“This will ensure that people only take on mortgages that are appropriate for the situation, but it does mean the changes in the stress test will be there if the average … rates provided by the banks actually goes down or up,” Finance Minister Bill Morneau said of the changes. “It will actually adjust appropriately to dynamic market conditions.”
The change tinkers with one of the major criticisms of the stress test in the first place, which was that the bar was set arbitrarily high. And non-bank lenders don’t like that the stress test rules give the big banks even more control over the market than they already had. Sherry Cooper, chief economist at Dominion Lending Centres, says the banks would always drag their feet in changing their posted rates, no matter what was happening in the market, “because it’s the rate they use in calculating the penalty for breaking a mortgage,” she said in an interview Tuesday. “This takes the big banks out of it.”
Are Toronto House Prices Headed Back to 2016 Levels? Concern is growing that Canada’s largest housing market may be about to experience a new round of froth, similar to that seen in 2016.
Back then, red-hot housing markets in the Greater Vancouver and Toronto Areas ultimately forced the federal government to introduce the 2016 and 2018 mortgage stress tests on both insured and uninsured mortgages.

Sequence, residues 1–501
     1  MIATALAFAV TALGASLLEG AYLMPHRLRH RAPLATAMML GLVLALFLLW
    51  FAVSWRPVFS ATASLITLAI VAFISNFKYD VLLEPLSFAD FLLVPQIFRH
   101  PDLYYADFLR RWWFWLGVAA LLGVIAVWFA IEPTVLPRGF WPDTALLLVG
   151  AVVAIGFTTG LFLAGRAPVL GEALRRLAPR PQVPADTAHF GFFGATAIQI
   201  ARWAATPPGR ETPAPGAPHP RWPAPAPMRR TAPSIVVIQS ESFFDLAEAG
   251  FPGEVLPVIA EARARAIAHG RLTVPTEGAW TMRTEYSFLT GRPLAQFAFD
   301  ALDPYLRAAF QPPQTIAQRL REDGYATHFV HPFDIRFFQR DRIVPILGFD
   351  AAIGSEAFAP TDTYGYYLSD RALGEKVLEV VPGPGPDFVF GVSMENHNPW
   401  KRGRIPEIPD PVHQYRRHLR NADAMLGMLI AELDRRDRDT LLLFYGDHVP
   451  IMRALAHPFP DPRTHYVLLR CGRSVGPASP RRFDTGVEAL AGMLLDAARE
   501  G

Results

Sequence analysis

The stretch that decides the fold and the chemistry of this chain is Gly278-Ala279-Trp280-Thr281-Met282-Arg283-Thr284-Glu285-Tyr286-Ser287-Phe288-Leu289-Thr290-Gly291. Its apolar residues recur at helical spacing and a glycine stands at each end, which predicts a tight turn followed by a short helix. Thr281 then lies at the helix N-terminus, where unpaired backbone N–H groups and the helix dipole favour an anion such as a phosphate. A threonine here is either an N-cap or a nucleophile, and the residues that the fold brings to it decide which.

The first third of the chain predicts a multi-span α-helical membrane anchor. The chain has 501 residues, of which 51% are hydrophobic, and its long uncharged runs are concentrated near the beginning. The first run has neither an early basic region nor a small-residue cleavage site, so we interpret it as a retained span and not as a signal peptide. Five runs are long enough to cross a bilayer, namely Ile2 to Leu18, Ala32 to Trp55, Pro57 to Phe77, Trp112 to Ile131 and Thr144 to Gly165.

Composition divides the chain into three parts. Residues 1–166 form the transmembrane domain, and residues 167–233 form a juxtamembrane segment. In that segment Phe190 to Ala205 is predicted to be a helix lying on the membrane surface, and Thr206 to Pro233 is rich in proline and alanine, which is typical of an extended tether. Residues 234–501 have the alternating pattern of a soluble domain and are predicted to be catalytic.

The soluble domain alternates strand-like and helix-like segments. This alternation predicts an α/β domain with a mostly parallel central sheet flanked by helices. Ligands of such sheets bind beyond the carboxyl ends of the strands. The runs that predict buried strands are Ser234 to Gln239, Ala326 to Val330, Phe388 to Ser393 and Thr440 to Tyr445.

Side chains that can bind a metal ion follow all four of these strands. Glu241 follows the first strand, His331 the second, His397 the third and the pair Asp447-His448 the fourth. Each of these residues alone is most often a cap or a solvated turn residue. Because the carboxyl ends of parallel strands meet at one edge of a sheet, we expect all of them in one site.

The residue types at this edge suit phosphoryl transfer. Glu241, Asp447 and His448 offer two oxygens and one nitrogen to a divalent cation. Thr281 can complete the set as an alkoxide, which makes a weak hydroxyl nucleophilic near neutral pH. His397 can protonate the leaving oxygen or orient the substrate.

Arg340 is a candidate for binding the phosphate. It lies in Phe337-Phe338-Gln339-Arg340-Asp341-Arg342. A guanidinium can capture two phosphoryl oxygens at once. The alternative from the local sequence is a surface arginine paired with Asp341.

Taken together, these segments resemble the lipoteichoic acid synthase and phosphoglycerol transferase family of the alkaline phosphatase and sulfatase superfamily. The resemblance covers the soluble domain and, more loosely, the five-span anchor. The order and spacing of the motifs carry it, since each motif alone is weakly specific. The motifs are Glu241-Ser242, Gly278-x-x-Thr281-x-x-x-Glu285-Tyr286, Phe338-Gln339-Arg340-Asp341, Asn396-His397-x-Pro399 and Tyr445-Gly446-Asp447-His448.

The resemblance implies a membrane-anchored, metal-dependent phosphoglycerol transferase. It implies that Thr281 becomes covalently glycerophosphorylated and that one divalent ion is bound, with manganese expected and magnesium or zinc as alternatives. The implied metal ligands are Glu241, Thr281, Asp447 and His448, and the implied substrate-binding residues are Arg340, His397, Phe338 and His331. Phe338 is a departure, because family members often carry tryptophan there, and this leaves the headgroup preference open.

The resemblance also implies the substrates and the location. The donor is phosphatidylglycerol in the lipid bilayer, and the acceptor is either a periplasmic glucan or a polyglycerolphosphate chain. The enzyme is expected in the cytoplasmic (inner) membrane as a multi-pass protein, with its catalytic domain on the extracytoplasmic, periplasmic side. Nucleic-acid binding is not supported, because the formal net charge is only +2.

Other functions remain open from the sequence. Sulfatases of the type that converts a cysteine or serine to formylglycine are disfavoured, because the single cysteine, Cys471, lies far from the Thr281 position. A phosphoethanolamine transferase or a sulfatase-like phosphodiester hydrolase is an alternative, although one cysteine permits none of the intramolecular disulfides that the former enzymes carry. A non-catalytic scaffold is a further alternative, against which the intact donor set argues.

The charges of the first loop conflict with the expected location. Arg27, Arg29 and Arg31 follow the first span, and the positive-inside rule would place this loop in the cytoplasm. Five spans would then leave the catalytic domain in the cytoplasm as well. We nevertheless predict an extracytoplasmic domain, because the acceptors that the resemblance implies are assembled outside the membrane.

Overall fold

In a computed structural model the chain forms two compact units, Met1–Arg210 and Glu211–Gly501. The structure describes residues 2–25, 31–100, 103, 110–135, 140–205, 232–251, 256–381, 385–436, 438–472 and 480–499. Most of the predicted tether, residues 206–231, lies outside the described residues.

While sales activity and prices took a hit in both markets, the recovery for the Greater Toronto Area seems to be nearly complete. The Toronto Real Estate Board (TREB) reported in January that the MLS Composite Benchmark price was up 8.7% compared to January 2018—the fastest pace of growth since October 2017.
The ripple effects of the coronavirus are being felt on Canada’s bond market, which is translating into lower mortgage rates. Variable-rate mortgages are generally tied to the Bank of Canada’s overnight benchmark rate. Their fixed-rate counterparts depend on the five-year Government of Canada bond yield, which fluctuates with market forces. It’s fallen sharply since the coronavirus first surfaced.
The Bank of Canada announced this week that it would leave its mortgage market-influencing key interest rate unchanged again. This development — or lack thereof — did not come as a surprise to economists who pay close attention to the central bank’s moves. It was, after all, the fifteenth straight month that the interest rate did not change.
Finser Corporation Canada Ltd.
Operating as Finser Mortgages
Mortgage Brokerage, Lic#10413
2430 Meadowpine Blvd, Unit 100,
Mississauga, Ontario. L5N 6S2
Mortgage Brokerage serving
Mississauga, Brampton, Oakville, Milton and Toronto